If this boy's class had a knotted rope, he wouldn't be in this predicament.

Source : http://www.highlightskids.com/Stories/Fiction/F0901_cornCountry.asp...

Lost in Corn CountryThe cornstalks towering above my head are thirty feet high, at least.

The temperature out here must be one hundred and twenty degrees.

And I’m sure I’ve been lost in this corn maze for fifty hours.

I didn’t even want to go on this field trip in the first place. Give me an air-conditioned classroom in the city, I said. Let me eat corn fresh from a freezer.

But no, some farmer had to grow a cornfield in the shape of Washington State. He even carved highways through the cornstalks.

And my teacher, Ms. Barlay, had to decide that the maze would be a great field trip. To get a better sense of our state, she said. And for fun, she added.

My sense is that Washington State is huge, hot, and full of nothing but corn. And I’m not having fun.

Here comes a preschool group, each kid gripping a knot on a rope, a teacher at each end. If only our class had a knotted rope, I wouldn’t be in this predicament. But no, we’re too old for knotted ropes—but not too old to be lost in the middle of corn country.

If only our class had a knotted rope, I wouldn't be in this predicament.“Why is he sitting there?” a preschooler pipes up.

“Maybe he’s lost,” a teacher ventures. “Can we help you find your way?”

“I’m just resting,” I reply. I don’t exactly want to be seen following a bunch of three-year-olds out of this maze at the end of a knotted rope.

I’d rather just sit here and melt in the sun.

The preschoolers toddle off.

I have to find my class. Or my way out. Whichever comes first.

I choose a path, having no idea where it leads. I pass signs with town names on them—Winton, Peshastin, Liberty. The farmer who put them up was trying to be helpful.

Problem is, I’ve never heard of these towns. And I have no sense of direction anyway.

I reach a clearing with a few portable toilets in the middle. Then I remember something. As we were dropped off at the border between Washington and Idaho (well, not dropped off in my case, more like pried off that hay wagon and dragged to the border), Ms. Barlay mentioned that there would be “facilities” in the middle of the state.

I look around and spot the sign that tells me I’ve at least made it halfway. “Ellensburg!” Yes, that was the name of the town in the middle.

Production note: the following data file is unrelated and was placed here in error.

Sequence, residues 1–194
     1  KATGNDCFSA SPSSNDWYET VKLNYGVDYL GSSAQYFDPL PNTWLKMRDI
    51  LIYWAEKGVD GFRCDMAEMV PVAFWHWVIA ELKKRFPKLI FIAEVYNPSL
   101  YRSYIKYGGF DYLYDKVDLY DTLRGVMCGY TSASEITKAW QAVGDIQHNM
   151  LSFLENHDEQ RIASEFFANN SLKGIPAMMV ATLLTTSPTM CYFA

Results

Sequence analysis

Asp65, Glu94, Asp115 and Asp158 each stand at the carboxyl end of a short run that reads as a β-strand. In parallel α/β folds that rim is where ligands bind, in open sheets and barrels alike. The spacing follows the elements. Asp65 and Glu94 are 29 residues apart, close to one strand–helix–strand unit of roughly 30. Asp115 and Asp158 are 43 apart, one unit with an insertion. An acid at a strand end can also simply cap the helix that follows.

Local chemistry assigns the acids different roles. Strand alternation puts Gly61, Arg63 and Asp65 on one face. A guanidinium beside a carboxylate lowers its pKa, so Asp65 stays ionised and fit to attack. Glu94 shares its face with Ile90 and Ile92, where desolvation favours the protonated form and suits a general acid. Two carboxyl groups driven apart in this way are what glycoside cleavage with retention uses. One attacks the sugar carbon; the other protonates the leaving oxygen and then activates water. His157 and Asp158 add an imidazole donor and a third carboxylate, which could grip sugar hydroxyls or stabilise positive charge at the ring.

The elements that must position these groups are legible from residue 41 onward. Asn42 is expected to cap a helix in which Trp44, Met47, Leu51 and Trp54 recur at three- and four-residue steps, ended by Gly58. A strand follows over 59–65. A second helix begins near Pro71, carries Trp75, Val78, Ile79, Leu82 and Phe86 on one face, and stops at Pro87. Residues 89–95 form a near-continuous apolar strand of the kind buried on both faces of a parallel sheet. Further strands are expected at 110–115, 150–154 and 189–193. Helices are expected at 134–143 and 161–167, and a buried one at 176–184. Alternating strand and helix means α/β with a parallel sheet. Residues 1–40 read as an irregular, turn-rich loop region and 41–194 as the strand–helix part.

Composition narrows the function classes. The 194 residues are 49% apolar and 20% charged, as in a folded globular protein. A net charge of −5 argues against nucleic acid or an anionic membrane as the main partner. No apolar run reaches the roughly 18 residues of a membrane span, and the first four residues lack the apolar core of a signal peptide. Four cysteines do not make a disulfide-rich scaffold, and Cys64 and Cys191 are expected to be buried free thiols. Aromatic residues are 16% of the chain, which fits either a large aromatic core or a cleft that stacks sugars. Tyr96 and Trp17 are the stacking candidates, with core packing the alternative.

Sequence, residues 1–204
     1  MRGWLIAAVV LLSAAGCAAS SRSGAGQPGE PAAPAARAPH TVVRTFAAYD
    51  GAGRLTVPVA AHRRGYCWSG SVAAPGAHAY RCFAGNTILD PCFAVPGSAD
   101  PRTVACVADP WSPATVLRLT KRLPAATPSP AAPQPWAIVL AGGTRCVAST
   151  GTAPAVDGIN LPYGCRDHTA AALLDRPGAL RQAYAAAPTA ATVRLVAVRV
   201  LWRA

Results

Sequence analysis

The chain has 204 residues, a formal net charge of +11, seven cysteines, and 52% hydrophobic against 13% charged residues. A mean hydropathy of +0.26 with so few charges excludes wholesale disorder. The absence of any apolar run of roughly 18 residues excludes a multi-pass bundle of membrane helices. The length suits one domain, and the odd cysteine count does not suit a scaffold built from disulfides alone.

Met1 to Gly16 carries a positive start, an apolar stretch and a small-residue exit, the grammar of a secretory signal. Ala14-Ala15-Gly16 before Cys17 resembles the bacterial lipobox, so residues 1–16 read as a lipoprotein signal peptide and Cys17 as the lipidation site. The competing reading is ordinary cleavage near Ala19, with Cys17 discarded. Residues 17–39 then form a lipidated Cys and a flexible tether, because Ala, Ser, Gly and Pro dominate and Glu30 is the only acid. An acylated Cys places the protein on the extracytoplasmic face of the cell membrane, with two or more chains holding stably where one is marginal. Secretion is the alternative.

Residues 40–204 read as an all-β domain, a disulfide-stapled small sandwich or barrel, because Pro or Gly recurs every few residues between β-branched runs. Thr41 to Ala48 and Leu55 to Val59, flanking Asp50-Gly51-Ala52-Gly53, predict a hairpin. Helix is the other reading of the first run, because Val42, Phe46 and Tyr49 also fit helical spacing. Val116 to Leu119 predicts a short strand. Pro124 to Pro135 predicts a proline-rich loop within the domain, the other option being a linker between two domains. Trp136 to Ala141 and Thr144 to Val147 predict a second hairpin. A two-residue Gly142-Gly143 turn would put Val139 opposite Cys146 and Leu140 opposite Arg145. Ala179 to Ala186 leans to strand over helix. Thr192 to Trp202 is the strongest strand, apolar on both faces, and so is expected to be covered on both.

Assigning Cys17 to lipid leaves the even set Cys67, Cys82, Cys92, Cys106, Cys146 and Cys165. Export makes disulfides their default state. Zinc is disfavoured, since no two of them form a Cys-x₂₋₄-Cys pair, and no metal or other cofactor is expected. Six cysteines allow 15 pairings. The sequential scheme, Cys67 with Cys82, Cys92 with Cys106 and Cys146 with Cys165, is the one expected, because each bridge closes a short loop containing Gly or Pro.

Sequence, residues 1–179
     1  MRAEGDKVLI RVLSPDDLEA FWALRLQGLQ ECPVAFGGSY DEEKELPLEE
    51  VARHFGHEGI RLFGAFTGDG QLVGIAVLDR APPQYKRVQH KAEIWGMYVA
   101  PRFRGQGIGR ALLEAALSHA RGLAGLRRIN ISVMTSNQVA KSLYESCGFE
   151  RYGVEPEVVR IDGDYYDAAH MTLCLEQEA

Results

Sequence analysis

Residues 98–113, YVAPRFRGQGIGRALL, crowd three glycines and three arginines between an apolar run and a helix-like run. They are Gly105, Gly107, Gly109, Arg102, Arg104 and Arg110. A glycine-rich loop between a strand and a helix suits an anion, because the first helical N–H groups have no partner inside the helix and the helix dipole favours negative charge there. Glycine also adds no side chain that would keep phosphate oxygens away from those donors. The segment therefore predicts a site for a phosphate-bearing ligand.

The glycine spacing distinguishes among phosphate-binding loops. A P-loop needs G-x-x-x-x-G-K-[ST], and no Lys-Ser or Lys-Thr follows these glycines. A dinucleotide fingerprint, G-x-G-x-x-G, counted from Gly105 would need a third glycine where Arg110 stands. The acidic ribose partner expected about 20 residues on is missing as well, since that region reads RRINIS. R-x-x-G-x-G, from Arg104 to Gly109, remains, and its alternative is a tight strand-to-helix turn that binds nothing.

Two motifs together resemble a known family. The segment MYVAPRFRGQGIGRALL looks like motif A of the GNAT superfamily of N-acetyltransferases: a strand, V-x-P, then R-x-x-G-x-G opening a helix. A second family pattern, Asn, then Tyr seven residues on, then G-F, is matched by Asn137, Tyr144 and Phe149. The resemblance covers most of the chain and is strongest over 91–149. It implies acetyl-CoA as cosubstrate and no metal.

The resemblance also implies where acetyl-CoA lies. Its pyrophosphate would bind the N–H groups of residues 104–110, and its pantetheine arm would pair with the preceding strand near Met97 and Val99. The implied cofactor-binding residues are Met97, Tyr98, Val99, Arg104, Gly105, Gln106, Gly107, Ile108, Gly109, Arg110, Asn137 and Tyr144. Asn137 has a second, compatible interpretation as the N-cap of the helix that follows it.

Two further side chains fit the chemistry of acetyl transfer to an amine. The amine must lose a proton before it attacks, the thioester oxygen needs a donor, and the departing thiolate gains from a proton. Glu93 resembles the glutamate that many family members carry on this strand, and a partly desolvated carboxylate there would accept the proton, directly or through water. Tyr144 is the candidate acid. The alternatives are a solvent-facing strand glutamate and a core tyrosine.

I would kiss that sign except that two grandmotherly-looking women step into the clearing. They look at me. “Are you lost?” one asks.

I’m starting to wonder if I have “lost” printed on my forehead. Right now, I wouldn’t even care. I just want to escape from this maze and never see an ear of corn again.

“Sort of,” I admit. “I know this is Ellensburg, but I don’t know which way the Pacific Ocean is.”

“Lucille and I know the way,” the woman says. “Shall we take you?”

"Take Interstate 90 west to Seatlle, then veer southwest."“No! No, thanks, I mean.” Being led out of the maze by Lucille and her friend would be almost as bad as showing up at the end of a pre-school rope. “I think I can find it if you’ll point me in the right direction.”

“Take Interstate 90 west to Seattle,” the woman explains, “then veer southwest.”

I wave my thanks and sprint between the cornstalks, following the I-90 sign. Millions of corn-stalks later, I reach Seattle. Home. Well, home if I lived in a corn maze.

Now I have to veer southwest, I remember. But how in the world do you veer? What’s a “veer” anyway?

Another preschool group. I hear dozens of tiny sneakers shuffling down the interstate. I hide in the cornstalks.

I have a plan.

The preschoolers shuffle by. As the end teacher passes, I slip out and follow, hoping they’re heading for the exit.

“I’m tired,” a child complains.

“Don’t worry, we’re almost there,” the teacher replies.

When we reach the exit, I’ll slip away from this group and slyly join my class . . . assuming they haven’t already left.

When we reach the end, I wish that they had gone. As the preschoolers and I exit, I realize that the woman aiming a camera at me is Ms. Barlay . . . and that she’s taking a picture of me being led out of the maze by a group of three-year-olds.

There you are!” she exclaims as her camera clicks. “We were beginning to think you were lost.”

“Me?” I croak, my voice hoarse from thirst. “Of course not. I just took a more challenging route.”

“There’s lunch over by the farmhouse,” Ms. Barlay says.

“I’m starved,” I say, sprinting for the picnic tables.

I skid to a stop. The tables are piled high with—what else?—corn dogs, corn on the cob, corn-bread muffins, corn everything.

I bump into Lucille and her friend as I back away.

“Here’s the nice lost boy,” Lucille says.

My face burns as my classmates look up at the word “lost.”

But hey, at least I’m out. That’s all that matters. And I’ll never be lost in corn country again.

“The wagon will meet us at the Idaho border,” Ms. Barlay announces. “After you eat, head back through the maze. See if you can do it faster this time.”

I don’t head for the maze. Instead, I head toward that pre-school group. I’m going to ask if our class can borrow that knotted rope. And if asking doesn’t work, I’ll beg.